Google Hummingbird Update: The Real Story
I’m reading a lot of gobbledygook about the latest update by Google Hummingbird. Marketers are in an uproar, SEOs are screaming damage control and the sky is falling. Well as you know I like to get to the point so I will try make this as easy as possible. This is what I’m telling my clients:
In a nutshell the word on the street is Google Hummingbird is not tracking keyword data because of marketers who are abusing keywords to manipulate the search engines.
Oh really. The maker of the rules is suddenly crying foul.
On the face of it that sounds like a good thing because I have been complaining about this problem for years. It’s too bad Google took all this time to finally face the obvious. Or has it?
How much of that is just smoke and mirrors remains to be seen as I’m hearing a lot of honest businesses have been hurt by Hummingbird. So there must be more to it than first meets the eye.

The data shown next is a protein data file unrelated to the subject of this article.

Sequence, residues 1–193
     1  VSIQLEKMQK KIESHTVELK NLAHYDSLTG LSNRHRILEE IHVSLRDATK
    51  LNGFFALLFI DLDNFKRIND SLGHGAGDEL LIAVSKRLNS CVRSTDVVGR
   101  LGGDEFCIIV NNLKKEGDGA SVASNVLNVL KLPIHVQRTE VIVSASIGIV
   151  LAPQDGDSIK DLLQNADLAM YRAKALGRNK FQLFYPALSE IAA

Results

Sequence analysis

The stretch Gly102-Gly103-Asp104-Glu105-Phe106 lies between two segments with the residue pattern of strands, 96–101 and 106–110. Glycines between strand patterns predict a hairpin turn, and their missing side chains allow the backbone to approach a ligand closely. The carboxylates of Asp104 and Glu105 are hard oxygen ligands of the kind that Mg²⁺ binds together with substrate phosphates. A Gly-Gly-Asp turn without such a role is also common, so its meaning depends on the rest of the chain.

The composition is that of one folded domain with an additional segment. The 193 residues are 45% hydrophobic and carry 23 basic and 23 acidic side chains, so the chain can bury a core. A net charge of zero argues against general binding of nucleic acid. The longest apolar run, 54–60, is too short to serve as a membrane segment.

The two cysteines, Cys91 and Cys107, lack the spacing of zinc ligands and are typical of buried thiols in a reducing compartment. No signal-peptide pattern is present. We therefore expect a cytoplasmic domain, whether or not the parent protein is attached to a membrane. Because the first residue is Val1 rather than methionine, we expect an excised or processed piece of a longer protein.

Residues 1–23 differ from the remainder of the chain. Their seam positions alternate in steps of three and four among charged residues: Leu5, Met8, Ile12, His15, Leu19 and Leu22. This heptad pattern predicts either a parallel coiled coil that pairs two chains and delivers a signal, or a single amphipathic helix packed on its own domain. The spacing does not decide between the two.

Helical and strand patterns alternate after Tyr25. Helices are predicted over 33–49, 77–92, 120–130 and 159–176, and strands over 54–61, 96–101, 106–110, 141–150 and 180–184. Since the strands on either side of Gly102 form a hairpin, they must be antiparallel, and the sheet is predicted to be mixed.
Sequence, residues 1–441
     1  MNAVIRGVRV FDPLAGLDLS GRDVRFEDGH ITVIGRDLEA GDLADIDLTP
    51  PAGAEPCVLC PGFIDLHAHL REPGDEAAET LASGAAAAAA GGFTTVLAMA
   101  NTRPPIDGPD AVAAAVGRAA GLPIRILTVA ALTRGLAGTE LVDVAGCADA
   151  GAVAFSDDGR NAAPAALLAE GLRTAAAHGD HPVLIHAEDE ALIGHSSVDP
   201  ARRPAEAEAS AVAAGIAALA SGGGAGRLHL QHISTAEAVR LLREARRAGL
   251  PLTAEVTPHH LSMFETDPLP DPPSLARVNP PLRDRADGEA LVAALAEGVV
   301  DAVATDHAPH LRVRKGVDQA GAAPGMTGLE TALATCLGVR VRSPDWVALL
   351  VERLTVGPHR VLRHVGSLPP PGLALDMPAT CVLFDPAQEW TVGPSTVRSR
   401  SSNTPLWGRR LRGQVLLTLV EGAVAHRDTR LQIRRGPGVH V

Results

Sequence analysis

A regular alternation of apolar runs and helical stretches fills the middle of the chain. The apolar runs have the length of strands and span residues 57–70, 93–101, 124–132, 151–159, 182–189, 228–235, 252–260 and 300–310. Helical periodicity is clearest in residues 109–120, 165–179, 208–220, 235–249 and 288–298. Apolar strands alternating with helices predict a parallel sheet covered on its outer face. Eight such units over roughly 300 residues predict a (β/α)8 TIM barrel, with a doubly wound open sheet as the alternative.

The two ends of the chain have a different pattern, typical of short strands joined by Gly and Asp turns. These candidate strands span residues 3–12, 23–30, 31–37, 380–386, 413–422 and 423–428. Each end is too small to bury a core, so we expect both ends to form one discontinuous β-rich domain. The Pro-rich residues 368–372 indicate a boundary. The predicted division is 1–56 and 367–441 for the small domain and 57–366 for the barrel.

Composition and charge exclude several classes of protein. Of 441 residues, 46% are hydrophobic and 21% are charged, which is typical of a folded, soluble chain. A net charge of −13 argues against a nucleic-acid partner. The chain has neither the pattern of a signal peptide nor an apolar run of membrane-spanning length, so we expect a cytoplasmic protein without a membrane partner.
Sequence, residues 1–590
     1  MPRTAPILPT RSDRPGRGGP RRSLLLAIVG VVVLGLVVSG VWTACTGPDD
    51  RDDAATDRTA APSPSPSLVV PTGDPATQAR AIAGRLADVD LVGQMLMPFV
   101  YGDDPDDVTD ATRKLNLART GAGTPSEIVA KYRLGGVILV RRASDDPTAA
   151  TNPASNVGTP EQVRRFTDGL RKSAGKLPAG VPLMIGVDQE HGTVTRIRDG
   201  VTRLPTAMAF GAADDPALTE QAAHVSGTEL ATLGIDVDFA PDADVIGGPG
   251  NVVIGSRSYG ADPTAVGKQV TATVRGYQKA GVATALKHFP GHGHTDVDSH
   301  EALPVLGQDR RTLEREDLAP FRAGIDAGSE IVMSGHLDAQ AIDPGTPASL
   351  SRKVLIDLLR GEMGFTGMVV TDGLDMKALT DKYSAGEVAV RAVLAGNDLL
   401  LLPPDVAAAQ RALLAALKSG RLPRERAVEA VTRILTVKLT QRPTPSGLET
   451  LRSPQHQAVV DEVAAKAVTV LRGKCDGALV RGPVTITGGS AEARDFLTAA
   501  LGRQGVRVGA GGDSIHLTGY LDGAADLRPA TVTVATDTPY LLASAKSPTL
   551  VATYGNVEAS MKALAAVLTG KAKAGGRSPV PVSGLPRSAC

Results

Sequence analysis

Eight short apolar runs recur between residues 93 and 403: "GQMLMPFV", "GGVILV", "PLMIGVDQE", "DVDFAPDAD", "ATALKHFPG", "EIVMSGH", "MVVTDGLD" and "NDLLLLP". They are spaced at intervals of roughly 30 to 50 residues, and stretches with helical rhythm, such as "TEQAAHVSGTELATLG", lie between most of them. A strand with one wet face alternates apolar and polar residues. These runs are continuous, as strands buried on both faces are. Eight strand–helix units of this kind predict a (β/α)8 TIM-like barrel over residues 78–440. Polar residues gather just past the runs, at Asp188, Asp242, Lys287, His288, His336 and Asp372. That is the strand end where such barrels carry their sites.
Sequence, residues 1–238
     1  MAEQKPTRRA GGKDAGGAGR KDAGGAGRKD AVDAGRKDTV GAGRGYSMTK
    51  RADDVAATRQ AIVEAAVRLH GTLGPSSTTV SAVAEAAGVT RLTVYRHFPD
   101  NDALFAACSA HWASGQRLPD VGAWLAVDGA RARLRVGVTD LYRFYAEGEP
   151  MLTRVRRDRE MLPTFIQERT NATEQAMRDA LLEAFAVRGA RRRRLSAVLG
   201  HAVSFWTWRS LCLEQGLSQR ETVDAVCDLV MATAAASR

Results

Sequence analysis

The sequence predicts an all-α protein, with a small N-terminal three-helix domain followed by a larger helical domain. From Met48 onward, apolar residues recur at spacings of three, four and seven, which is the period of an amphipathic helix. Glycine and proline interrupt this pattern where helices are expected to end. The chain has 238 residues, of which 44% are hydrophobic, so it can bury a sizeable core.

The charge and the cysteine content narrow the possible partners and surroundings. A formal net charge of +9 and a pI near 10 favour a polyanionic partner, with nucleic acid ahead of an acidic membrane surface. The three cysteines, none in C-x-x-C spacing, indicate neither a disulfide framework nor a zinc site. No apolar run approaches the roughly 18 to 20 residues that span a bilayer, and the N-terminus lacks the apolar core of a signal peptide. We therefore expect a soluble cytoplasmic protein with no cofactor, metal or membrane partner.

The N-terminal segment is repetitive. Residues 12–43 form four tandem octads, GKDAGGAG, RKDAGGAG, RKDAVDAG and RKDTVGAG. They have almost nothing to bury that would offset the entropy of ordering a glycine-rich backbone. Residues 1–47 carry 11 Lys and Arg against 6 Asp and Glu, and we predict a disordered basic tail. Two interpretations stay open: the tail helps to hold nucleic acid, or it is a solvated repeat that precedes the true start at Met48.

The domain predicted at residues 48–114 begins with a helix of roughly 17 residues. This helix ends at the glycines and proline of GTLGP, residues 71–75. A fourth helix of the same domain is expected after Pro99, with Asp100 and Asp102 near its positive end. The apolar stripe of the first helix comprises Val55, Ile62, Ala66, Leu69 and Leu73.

It has been my experience Google likes to play the high road and let on it’s algorithm is more objective and clever than it really is. Sneaking a peak at the plethora of plagiarizers that are still running rampant in my niche easily proves that point. So how much of this is just bluster only time will tell.
Google’s Matt Cutts has also admitted that he plays favourites and boosts the authority of those who he deems worthy. That sounds to me like an excuse to create an elite oligarchy more than anything else. (You can bet that his buddies who sing Google’s praises are on the booster list.)
So it stands to reason he can just as easily demote those who he doesn’t like. Nudge, nudge, wink, wink.
What Google says and what Google really does doesn’t always add up. Scary isn’t it.
Of course the reality is Hummingbird is the latest push by Google towards its grand social media plan (i.e. Google Plus). After all it’s not as if Google has suddenly figured out that marketers are gaming the SERPS.
How lame would that be. Or should I say hypocritical … ya know what I mean?
More than ever my words still ring loud and true. Like I have always been saying keywords should flow naturally within our blog posts for good organic search results. Use keywords in your titles and anchor text. But don’ t overdo it and use your common sense.
Most importantly focus on writing quality, original content.
This isn’t rocket science. Write first for people, not bots.
P.s.: If you didn’t believe me before that SEO is a Dog Chasing its Tail, the time to start believing would be now.